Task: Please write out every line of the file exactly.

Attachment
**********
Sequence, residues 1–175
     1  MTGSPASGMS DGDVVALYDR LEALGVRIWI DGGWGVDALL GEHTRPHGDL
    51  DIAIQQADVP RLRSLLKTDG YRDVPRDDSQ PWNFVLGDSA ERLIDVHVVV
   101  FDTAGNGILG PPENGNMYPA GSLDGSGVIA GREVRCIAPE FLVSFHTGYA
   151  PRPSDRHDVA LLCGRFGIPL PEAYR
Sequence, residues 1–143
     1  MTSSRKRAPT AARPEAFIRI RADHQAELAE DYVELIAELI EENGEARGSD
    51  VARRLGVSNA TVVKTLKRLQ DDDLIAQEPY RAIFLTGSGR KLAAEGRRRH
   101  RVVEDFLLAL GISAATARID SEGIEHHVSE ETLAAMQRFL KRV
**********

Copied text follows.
Sequence, residues 1–175
     1  MTGSPASGMS DGDVVALYDR LEALGVRIWI DGGWGVDALL GEHTRPHGDL
    51  DIAIQQADVP RLRSLLKTDG YRDVPRDDSQ PWNFVLGDSA ERLIDVHVVV
   101  FDTAGNGILG PPENGNMYPA GSLDGSGVIA GREVRCIAPE FLVSFHTGYA
   151  PRPSDRHDVA LLCGRFGIPL PEAYR
Sequence, residues 1–143
     1  MTSSRKRAPT AARPEAFIRI RADHQAELAE DYVELIAELI EENGEARGSD
    51  VARRLGVSNA TVVKTLKRLQ DDDLIAQEPY RAIFLTGSGR KLAAEGRRRH
   101  RVVEDFLLAL GISAATARID SEGIEHHVSE ETLAAMQRFL KRV